How Lambda processes records from Amazon Kinesis Data Streams - AWS Lambda

How Lambda processes records from Amazon Kinesis Data Streams

You can use a Lambda function to process records in an Amazon Kinesis data stream. You can map a Lambda function to a Kinesis Data Streams shared-throughput consumer (standard iterator), or to a dedicated-throughput consumer with enhanced fan-out. For standard iterators, Lambda polls each shard in your Kinesis stream for records using HTTP protocol. The event source mapping shares read throughput with other consumers of the shard.

For details about Kinesis data streams, see Reading Data from Amazon Kinesis Data Streams.


Kinesis charges for each shard and, for enhanced fan-out, data read from the stream. For pricing details, see Amazon Kinesis pricing.

Polling and batching streams

Lambda reads records from the data stream and invokes your function synchronously with an event that contains stream records. Lambda reads records in batches and invokes your function to process records from the batch. Each batch contains records from a single shard/data stream.

For standard Kinesis data streams, Lambda polls shards in your stream for records at a rate of once per second for each shard. For Kinesis enhanced fan-out, Lambda uses an HTTP/2 connection to listen for records being pushed from Kinesis. When records are available, Lambda invokes your function and waits for the result.

By default, Lambda invokes your function as soon as records are available. If the batch that Lambda reads from the event source has only one record in it, Lambda sends only one record to the function. To avoid invoking the function with a small number of records, you can tell the event source to buffer records for up to 5 minutes by configuring a batching window. Before invoking the function, Lambda continues to read records from the event source until it has gathered a full batch, the batching window expires, or the batch reaches the payload limit of 6 MB. For more information, see Batching behavior.


Lambda event source mappings process each event at least once, and duplicate processing of records can occur. To avoid potential issues related to duplicate events, we strongly recommend that you make your function code idempotent. To learn more, see How do I make my Lambda function idempotent in the AWS Knowledge Center.

Configure the ParallelizationFactor setting to process one shard of a Kinesis data stream with more than one Lambda invocation simultaneously. You can specify the number of concurrent batches that Lambda polls from a shard via a parallelization factor from 1 (default) to 10. For example, when you set ParallelizationFactor to 2, you can have 200 concurrent Lambda invocations at maximum to process 100 Kinesis data shards (though in practice, you may see different values for the ConcurrentExecutions metric). This helps scale up the processing throughput when the data volume is volatile and the IteratorAge is high. When you increase the number of concurrent batches per shard, Lambda still ensures in-order processing at the partition-key level.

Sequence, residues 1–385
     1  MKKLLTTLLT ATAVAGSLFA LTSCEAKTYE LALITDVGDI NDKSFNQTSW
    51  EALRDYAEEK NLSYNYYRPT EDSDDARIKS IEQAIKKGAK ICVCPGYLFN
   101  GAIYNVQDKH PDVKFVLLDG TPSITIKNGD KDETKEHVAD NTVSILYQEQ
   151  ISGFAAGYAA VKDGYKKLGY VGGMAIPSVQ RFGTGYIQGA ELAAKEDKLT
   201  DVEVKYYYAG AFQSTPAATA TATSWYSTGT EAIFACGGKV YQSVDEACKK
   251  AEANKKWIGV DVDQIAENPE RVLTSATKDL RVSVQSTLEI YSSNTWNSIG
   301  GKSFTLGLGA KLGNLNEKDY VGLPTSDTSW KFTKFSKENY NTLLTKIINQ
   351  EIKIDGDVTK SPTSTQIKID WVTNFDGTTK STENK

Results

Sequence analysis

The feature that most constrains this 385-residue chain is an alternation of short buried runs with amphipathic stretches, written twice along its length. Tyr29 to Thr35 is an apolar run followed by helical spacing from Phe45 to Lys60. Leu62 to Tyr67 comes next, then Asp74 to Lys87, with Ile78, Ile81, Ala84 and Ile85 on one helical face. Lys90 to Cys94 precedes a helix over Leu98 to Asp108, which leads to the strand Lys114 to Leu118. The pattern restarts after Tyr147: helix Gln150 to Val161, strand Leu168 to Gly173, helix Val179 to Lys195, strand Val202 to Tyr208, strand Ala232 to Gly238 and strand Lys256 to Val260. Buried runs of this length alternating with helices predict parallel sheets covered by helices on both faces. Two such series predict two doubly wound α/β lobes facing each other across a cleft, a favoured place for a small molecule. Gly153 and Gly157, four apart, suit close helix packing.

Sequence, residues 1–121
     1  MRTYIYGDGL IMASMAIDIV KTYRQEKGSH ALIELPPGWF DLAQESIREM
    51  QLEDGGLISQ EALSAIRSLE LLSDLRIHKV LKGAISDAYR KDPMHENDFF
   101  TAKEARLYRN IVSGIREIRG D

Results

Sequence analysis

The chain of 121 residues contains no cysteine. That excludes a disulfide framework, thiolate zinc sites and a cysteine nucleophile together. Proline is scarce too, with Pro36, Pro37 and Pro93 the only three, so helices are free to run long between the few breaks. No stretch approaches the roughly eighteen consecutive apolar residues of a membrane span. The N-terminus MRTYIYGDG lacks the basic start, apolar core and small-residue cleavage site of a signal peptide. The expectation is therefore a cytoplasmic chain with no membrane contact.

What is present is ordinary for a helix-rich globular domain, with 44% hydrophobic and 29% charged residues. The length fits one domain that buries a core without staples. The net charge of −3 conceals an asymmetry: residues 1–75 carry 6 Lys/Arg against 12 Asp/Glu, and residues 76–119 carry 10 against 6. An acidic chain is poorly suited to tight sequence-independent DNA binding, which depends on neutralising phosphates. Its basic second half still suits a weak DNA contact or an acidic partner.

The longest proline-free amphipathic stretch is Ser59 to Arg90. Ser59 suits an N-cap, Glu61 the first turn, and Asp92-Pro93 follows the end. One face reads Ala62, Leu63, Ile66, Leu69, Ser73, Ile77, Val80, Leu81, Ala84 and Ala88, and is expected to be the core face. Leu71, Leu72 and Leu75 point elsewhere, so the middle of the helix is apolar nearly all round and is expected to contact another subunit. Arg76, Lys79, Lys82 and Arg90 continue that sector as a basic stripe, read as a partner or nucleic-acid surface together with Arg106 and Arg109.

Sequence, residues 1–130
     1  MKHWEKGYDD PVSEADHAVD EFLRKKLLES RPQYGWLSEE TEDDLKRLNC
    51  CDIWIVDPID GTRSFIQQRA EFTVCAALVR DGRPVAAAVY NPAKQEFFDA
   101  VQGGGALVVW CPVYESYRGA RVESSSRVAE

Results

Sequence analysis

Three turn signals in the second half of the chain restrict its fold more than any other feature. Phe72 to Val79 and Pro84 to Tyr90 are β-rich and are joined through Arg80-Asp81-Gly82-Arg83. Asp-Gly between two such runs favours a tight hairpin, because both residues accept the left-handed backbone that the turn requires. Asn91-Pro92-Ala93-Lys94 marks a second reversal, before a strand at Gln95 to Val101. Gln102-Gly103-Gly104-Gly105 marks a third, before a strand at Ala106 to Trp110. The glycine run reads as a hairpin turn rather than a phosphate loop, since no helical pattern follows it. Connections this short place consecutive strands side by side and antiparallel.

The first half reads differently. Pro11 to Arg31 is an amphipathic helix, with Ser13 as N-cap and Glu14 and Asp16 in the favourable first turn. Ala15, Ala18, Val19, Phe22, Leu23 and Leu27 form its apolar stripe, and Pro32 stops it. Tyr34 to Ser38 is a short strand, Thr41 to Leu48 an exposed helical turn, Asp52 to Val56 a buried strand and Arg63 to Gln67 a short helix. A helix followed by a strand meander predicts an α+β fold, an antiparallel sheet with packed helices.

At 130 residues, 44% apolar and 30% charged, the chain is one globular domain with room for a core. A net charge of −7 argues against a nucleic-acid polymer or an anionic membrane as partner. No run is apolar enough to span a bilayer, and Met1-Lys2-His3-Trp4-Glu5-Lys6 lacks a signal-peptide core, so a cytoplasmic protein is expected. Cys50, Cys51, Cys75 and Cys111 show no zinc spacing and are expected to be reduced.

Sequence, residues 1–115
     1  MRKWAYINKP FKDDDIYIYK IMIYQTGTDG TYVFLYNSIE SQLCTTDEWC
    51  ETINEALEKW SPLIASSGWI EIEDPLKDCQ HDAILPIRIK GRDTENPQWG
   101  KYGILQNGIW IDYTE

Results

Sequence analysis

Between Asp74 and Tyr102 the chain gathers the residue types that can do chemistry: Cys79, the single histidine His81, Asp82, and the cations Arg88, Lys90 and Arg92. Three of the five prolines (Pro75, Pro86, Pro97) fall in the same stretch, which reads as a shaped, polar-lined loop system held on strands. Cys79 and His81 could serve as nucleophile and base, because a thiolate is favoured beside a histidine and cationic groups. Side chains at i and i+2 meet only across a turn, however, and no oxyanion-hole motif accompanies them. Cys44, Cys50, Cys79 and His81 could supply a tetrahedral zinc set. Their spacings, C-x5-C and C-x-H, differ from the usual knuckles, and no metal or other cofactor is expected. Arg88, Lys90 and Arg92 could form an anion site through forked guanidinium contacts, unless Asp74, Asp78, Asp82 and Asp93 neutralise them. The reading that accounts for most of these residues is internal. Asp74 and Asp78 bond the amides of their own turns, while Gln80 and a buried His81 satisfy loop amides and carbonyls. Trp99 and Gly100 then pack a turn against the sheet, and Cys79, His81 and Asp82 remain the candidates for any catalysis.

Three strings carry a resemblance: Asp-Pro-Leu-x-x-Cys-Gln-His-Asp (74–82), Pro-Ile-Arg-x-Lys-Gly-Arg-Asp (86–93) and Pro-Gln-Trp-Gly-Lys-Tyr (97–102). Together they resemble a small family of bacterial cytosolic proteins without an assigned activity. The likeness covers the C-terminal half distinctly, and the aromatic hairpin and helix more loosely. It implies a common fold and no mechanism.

You can also use ParallelizationFactor with Kinesis aggregation. The behavior of the event source mapping depends on whether you're using enhanced fan-out:

  • Without enhanced fan-out: All of the events inside an aggregated event must have the same partition key. The partition key must also match that of the aggregated event. If the events inside the aggregated event have different partition keys, Lambda cannot guarantee in-order processing of the events by partition key.

  • With enhanced fan-out: First, Lambda decodes the aggregated event into its individual events. The aggregated event can have a different partition key than events it contains. However, events that don't correspond to the partition key are dropped and lost. Lambda doesn't process these events, and doesn't send them to a configured failure destination.

Example event

{ "Records": [ { "kinesis": { "kinesisSchemaVersion": "1.0", "partitionKey": "1", "sequenceNumber": "49590338271490256608559692538361571095921575989136588898", "data": "SGVsbG8sIHRoaXMgaXMgYSB0ZXN0Lg==", "approximateArrivalTimestamp": 1545084650.987 }, "eventSource": "aws:kinesis", "eventVersion": "1.0", "eventID": "shardId-000000000006:49590338271490256608559692538361571095921575989136588898", "eventName": "aws:kinesis:record", "invokeIdentityArn": "arn:aws:iam::123456789012:role/lambda-role", "awsRegion": "us-east-2", "eventSourceARN": "arn:aws:kinesis:us-east-2:123456789012:stream/lambda-stream" }, { "kinesis": { "kinesisSchemaVersion": "1.0", "partitionKey": "1", "sequenceNumber": "49590338271490256608559692540925702759324208523137515618", "data": "VGhpcyBpcyBvbmx5IGEgdGVzdC4=", "approximateArrivalTimestamp": 1545084711.166 }, "eventSource": "aws:kinesis", "eventVersion": "1.0", "eventID": "shardId-000000000006:49590338271490256608559692540925702759324208523137515618", "eventName": "aws:kinesis:record", "invokeIdentityArn": "arn:aws:iam::123456789012:role/lambda-role", "awsRegion": "us-east-2", "eventSourceARN": "arn:aws:kinesis:us-east-2:123456789012:stream/lambda-stream" } ] }